There a quite a few procedures available for the treatment of hyperpigmentation, and if you’ve done a little research, microdermabrasion is one of the options you can try. Here is a rundown of what to expect if you are thinking about trying microdermabrasion for hyperpigmentation.
The roots of microdermabrasion can be traced back to egyptian times, where fine sand was used as an exfoliator. The process is based on the very same principle – that the top layer of dead skin cells is removed by “sanding” the surface of the skin.
Although at first it may not sound very appealing, people who undergo the treatment feel no discomfort or pain. Microdermabrasion for hyperpigmentation has become more popular in recent times due to it’s less invasive nature, compared to procedures such as laser treatment and chemical peels.
• How it works
A small hand held “wand like” instrument blasts minute aluminum oxide crystals across the skin. Within the same instrument is a vacuum that sucks up the dead skin cells and the crystals, which in turn is deposited in a disposable bag. The process should take no more than 30 minutes, with no visible after effects. The treatment has been nicknamed the “lunchtime peel” because of the short treatment time.
• How much does it cost?
Treatments range anywhere from between $70 and $150 per treatment. A course of treatments is normally recommended for the best results, a course being around 6 treatments in total. The treatments are usually carried out at 14 day intervals.
• Where can I get microdermabrasion?
As microdemabrasion has become increasingly popular, the number of places that will perform the procedure has increased accordingly. Health spas, beauty clinics and skincare outlets will now almost always provide the service. It’s always worth doing a little research and finding out who has a good reputation in your local area for carrying out microdermabrasion treatment, as in the wrong hands an overly aggressive treatment can cause pinpoint bleeding and discomfort.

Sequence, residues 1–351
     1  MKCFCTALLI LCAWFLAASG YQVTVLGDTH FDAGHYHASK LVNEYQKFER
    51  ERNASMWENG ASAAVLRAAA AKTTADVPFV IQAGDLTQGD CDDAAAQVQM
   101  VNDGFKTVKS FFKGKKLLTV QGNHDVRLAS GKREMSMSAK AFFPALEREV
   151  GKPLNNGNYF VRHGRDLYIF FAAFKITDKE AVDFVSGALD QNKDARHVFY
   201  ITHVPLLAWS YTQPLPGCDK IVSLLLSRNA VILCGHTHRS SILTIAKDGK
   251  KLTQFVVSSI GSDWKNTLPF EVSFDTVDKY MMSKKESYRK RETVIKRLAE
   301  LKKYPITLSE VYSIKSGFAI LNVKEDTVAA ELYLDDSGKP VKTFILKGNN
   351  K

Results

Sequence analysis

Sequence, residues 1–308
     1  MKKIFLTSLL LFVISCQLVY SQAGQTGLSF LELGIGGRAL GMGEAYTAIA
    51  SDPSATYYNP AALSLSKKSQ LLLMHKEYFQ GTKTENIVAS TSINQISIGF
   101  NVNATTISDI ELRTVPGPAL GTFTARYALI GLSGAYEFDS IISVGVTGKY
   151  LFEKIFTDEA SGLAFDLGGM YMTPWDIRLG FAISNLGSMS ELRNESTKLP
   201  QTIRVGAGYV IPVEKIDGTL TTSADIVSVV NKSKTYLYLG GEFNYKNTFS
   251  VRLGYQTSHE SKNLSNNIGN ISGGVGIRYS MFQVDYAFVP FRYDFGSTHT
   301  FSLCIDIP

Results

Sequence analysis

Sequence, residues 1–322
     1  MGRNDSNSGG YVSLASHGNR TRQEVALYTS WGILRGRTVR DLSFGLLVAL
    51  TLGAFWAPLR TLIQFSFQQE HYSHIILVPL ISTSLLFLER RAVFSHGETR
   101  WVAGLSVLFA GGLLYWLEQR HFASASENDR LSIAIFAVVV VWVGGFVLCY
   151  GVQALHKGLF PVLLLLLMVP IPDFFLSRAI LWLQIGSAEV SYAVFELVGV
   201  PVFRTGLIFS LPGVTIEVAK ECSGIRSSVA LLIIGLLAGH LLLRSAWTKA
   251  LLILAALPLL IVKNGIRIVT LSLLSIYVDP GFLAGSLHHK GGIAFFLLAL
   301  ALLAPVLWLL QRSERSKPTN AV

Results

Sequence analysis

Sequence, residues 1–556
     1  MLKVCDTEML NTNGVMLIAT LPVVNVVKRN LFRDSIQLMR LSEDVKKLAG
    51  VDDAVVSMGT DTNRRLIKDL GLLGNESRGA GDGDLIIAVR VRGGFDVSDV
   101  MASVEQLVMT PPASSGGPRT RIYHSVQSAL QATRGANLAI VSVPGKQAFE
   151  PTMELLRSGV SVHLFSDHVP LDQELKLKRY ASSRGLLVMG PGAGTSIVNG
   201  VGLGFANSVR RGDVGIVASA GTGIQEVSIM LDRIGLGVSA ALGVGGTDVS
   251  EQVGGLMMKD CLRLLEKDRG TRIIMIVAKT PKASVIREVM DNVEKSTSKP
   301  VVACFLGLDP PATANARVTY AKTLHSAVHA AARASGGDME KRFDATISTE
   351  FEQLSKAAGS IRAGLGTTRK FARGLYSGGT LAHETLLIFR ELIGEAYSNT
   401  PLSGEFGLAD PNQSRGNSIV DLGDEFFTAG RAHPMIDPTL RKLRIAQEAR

• After care
During the course of the treatment it’s advisable to protect yourself from the sun, and wear a light sunscreen at all times.
• Microdermabrasion for hyperpigmentation – does it work?
For less severe pigment conditions, microdermabrasion for hyperpigmentation can have good results. The only drawback is the cost of treatments, and if your esthetician advises more than one course of treatment, the costs can start mounting up.
Due to the cost of treatments, home microdermabrasion kits have become popular, with reports of some achieving very good results.
If you are considering microdermabrasion for hyperpigmentation, I would advise good research to find a skin care professional with a good track record of this procedure.